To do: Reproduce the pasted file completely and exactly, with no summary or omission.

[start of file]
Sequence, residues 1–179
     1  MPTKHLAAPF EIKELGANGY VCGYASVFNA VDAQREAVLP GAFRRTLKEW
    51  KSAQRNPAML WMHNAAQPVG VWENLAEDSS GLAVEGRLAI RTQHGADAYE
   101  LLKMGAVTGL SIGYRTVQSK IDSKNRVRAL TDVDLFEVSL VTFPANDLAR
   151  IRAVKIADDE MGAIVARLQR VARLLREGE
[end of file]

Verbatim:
Sequence, residues 1–179
     1  MPTKHLAAPF EIKELGANGY VCGYASVFNA VDAQREAVLP GAFRRTLKEW
    51  KSAQRNPAML WMHNAAQPVG VWENLAEDSS GLAVEGRLAI RTQHGADAYE
   101  LLKMGAVTGL SIGYRTVQSK IDSKNRVRAL TDVDLFEVSL VTFPANDLAR
   151  IRAVKIADDE MGAIVARLQR VARLLREGE